Edit Detector is an application that can detect edits and scene changes in QuickTime movies. This application is helpful for when you have to take pre-edited video and break it up for things like color correction, visual effects and motion graphics. It also comes with a sensitivity slider that determines how in depth you want the application to detect cuts and scene changes. The user has the ability to manipulate edit points if needed as well as export into multiple formats such as individual QuickTime movies, FCP marker lists, EDLs and more.

Auto Transfer is a handy application that allows the user to transfer media from camera memory cards to your computer. You can set it up to transfer to multiple drives so you can ensure backups in case of technical mishaps. I use this application often when I deal with AVCHD media and DSLR media. It’s much more efficient than doing a copy and paste from folder to folder in my opinion. With the metadata options, I can tag relevant info to clips to aid in the logging process.

PostHaste has been my go to application for project organization since its inception. This application allows you to use and create project folder templates, which you can use to organize footage, project files, mograph assets and more. You can also import previously used project folders to create a brand new template if you want. I firmly believe that every editor should have PostHaste in their arsenal.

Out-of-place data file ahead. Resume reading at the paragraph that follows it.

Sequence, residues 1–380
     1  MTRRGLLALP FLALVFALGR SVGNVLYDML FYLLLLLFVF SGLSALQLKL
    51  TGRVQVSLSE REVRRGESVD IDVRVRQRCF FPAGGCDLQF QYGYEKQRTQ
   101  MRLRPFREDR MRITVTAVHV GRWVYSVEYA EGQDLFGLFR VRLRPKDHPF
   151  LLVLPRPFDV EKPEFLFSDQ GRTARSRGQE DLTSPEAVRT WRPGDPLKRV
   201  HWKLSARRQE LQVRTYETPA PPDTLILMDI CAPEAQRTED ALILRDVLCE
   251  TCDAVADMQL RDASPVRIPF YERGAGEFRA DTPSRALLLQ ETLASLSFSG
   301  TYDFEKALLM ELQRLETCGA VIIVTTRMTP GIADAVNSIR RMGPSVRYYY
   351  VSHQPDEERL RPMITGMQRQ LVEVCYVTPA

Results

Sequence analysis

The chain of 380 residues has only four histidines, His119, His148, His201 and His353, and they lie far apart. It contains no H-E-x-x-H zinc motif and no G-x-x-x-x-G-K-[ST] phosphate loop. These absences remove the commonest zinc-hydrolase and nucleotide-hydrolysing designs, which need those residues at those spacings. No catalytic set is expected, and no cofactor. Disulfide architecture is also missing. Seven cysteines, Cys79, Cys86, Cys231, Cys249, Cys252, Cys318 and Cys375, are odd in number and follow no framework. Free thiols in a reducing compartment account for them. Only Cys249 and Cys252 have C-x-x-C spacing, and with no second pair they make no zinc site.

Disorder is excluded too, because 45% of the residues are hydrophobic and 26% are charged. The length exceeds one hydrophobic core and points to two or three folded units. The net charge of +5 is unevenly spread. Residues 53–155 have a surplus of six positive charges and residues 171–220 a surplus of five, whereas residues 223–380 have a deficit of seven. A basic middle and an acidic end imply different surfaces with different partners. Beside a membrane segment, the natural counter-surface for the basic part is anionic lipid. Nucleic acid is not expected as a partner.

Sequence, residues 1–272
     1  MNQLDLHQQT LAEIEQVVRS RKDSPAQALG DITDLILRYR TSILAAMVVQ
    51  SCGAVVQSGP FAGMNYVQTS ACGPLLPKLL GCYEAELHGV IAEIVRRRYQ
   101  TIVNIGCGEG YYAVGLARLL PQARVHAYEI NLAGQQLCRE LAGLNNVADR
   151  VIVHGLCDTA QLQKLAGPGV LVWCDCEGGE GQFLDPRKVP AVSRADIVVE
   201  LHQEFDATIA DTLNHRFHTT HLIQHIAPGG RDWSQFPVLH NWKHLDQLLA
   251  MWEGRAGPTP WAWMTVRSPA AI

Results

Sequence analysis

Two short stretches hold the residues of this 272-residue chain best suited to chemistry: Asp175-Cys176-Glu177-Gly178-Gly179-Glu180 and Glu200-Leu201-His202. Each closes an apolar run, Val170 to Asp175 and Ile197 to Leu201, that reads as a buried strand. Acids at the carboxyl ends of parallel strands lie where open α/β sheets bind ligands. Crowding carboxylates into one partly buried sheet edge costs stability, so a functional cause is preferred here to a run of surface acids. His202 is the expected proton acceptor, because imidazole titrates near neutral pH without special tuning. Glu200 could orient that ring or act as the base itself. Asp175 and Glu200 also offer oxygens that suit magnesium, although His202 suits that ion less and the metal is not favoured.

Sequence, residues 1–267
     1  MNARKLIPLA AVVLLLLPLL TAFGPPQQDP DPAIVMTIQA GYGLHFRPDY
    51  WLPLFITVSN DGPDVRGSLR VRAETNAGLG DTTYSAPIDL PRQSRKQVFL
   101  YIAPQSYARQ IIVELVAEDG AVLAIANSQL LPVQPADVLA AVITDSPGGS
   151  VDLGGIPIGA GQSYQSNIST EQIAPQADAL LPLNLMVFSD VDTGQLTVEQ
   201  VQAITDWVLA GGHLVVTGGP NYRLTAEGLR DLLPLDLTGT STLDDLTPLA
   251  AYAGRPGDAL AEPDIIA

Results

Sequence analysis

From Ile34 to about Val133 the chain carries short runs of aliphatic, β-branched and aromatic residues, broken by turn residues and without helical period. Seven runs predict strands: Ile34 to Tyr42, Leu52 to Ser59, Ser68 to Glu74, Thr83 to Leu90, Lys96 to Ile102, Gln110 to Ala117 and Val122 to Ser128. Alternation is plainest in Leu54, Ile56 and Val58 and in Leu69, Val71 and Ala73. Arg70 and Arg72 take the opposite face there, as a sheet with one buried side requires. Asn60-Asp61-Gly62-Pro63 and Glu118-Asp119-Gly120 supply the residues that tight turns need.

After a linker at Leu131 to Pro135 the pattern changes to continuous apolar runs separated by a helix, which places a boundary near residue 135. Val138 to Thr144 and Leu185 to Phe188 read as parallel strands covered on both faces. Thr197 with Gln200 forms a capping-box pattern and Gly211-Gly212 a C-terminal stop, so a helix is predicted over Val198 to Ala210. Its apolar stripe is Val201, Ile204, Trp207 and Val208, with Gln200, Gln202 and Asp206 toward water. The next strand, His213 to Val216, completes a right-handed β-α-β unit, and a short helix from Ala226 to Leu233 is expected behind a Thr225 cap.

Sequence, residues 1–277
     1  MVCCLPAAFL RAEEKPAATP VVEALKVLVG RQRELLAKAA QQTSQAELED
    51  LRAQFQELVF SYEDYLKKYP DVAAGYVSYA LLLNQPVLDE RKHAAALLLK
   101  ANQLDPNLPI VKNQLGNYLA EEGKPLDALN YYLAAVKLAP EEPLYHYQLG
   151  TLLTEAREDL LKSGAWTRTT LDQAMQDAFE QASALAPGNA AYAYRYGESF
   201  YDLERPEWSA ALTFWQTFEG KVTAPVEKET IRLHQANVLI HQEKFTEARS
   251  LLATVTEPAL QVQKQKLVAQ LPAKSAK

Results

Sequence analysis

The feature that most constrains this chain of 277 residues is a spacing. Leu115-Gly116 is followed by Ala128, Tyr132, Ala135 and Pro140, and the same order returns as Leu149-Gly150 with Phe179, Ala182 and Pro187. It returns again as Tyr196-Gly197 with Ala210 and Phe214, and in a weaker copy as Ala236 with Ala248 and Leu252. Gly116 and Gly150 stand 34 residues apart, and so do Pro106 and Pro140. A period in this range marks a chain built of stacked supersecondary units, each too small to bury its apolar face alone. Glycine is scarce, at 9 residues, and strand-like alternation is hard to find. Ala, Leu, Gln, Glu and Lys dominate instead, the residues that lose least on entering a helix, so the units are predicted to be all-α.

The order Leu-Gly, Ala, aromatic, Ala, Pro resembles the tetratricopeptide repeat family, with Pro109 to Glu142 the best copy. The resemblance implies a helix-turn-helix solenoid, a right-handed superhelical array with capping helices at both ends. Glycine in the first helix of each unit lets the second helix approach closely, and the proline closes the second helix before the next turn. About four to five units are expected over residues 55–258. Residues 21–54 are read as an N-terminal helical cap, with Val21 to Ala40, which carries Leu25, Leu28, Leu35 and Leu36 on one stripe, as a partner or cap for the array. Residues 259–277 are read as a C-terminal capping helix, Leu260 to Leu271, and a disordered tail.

Overall, Digital Rebellion’s two toolkits are a must have for editors. They help in troubleshooting and helping editors keep things moving. Although it’s most available for Mac at the moment, the developers have plans to have these toolkits available for PC users in future updates. Digital Rebellion also has other great product offerings such as Pro Admin, Pro Versioner, Cut Notes, Edit Mote and CinePlay.

I’m the NLE Ninja with Audio Micro asking you to stay creative.

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Multi-Cam In Final Cut Pro X 10.0.3

In today’s tutorial we bring you the magic of Multi-Cam in Final Cut Pro X. In this Final Cut Pro tutorial, Dan Allen of Dan Allen Films demonstrates and explains what Multi-Cam is and how it’s utilized in Final Cut Pro X. Keep in mind that this tutorial is for the newer 10.0.3+ updates so if you’re unable to do Multi-Cam you may want to update your Final Cut Pro X.